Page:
Results: Thirty thousand one hundred ninety-nine patients were included in our study, 59% of whom had one or more unplanned hospitalizations. Of 60, 837 inpatient claims, 58% were unplanned. The rate of unplanned hospitalization was 93 events per 100 person-years. The most common reasons for unplanned hospitalization were fluid and electrolyte disorders, intestinal obstruction, and pneumonia. Multivariable analysis showed that black race; residing in census tracts with poverty levels greater than 13. 3%; esophageal, gastric, and pancreatic cancer; advanced disease stage; high Charlson comorbidity index score; and dual eligibility for Medicare and Medicaid increased the risk for unplanned hospitalization (all Pvalues <. 05).
Conclusion: Unplanned hospitalizations among elderly patients with GI cancer are common. Some of the top reasons for unplanned hospitalization are potentially preventable, suggesting that comorbidity management and close coordination among involved health care providers should be promoted.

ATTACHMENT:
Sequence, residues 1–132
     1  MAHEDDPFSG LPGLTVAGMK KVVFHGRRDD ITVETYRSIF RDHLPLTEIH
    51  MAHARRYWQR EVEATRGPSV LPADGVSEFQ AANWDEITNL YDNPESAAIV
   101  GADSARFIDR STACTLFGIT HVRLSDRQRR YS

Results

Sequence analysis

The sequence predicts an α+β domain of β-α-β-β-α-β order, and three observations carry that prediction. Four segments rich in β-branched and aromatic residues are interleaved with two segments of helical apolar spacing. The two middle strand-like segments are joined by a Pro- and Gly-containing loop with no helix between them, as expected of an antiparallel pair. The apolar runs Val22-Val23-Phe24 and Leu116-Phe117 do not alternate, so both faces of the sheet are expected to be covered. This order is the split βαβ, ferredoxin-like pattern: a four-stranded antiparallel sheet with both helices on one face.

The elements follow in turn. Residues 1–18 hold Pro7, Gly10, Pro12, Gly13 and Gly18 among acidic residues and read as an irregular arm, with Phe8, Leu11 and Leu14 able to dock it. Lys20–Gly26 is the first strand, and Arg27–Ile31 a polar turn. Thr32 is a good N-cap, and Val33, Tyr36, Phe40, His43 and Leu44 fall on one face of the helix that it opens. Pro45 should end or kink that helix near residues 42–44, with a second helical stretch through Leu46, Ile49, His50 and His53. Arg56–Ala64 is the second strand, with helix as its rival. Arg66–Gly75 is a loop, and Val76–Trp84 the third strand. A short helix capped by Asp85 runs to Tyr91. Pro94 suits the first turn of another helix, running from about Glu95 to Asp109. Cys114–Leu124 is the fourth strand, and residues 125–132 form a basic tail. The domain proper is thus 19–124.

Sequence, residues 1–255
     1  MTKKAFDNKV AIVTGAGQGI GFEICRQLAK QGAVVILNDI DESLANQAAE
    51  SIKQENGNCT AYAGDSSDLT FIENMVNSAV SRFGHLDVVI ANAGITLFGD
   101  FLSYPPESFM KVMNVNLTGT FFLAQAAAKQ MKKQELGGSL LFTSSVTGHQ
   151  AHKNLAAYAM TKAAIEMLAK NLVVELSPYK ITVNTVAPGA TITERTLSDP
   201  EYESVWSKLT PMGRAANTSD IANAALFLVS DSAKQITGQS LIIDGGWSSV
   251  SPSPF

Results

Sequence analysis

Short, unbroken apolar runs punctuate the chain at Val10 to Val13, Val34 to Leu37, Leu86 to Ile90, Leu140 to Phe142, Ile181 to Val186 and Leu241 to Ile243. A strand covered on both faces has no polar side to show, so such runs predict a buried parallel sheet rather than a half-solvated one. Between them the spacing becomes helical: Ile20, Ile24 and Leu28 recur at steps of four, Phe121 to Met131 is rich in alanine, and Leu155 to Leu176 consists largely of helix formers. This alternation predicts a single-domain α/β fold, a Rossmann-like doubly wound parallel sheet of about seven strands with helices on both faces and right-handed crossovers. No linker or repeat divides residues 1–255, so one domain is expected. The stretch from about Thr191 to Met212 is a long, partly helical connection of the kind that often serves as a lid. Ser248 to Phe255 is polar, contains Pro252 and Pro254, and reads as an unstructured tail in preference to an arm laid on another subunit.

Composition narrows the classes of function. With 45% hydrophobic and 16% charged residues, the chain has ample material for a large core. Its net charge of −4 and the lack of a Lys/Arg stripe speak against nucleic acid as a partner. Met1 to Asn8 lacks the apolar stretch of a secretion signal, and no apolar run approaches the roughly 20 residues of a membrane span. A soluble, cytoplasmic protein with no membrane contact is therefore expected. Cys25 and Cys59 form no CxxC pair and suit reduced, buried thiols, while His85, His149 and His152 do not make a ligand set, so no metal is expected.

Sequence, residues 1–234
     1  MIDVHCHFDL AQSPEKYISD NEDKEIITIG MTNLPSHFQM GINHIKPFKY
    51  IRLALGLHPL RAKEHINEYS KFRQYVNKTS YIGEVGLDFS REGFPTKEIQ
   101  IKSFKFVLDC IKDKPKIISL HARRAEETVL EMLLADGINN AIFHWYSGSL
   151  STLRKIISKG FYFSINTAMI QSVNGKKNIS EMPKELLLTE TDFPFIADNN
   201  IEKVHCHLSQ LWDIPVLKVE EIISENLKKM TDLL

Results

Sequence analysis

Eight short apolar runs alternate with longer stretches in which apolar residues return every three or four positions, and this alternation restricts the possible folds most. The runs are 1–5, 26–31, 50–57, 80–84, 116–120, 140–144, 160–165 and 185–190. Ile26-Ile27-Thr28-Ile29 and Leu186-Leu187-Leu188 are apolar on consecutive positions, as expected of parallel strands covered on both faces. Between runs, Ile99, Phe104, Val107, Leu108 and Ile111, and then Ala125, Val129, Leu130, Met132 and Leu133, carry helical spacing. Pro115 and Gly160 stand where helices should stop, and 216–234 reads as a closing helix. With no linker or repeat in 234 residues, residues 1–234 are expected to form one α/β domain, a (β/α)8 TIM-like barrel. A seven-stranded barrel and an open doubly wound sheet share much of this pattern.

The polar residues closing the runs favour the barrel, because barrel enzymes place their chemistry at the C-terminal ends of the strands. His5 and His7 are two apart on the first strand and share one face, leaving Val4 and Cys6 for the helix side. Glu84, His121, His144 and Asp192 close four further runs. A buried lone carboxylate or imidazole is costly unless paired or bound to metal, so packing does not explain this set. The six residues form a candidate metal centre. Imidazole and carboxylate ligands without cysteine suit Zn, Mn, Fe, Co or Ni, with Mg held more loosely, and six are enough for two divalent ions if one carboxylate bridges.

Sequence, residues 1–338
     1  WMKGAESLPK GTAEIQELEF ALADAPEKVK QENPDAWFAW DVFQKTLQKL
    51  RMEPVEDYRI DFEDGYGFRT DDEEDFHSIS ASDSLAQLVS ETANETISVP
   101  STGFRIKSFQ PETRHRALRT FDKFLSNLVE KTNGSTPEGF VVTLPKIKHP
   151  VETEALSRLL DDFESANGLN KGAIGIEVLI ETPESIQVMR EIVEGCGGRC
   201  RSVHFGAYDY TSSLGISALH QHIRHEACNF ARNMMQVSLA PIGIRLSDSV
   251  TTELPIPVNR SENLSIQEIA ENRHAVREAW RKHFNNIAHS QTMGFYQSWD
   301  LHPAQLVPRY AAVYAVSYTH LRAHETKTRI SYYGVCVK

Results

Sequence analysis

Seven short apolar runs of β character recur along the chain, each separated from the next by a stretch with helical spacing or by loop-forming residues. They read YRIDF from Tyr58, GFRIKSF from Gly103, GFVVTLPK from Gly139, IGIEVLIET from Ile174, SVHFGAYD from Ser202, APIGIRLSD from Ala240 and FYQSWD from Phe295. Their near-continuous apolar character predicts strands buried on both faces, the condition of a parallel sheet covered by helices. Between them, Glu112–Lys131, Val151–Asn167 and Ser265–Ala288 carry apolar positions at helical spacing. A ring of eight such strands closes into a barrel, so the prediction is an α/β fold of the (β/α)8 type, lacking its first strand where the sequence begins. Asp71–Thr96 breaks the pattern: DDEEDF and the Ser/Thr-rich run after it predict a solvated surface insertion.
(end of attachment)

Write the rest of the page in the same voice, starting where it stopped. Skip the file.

Purpose: Hospitalizations among patients with cancer are common and costly and, if unplanned, may nterrupt oncologic treatment. The rate of unplanned hospitalizations in the population of elderly patients with cancer is unknown. We sought to describe and quantify patterns and risk factors for early unplanned hospitalization among elderly patients with GI cancer. Patients and Methods: We conducted a retrospective cohort study using linked Texas Cancer Registry and Medicare claims data from 2001 to 2009. Texas residents age 66 years or older initially diagnosed with GI cancer between 2001 and 2007 were included in the study. The unplanned hospitalization rate was estimated, and reasons for unplanned hospitalization were evaluated. Risk factors were identified using adjusted Cox proportional hazards modeling.
ASJC Scopus subject areas
- Cancer Research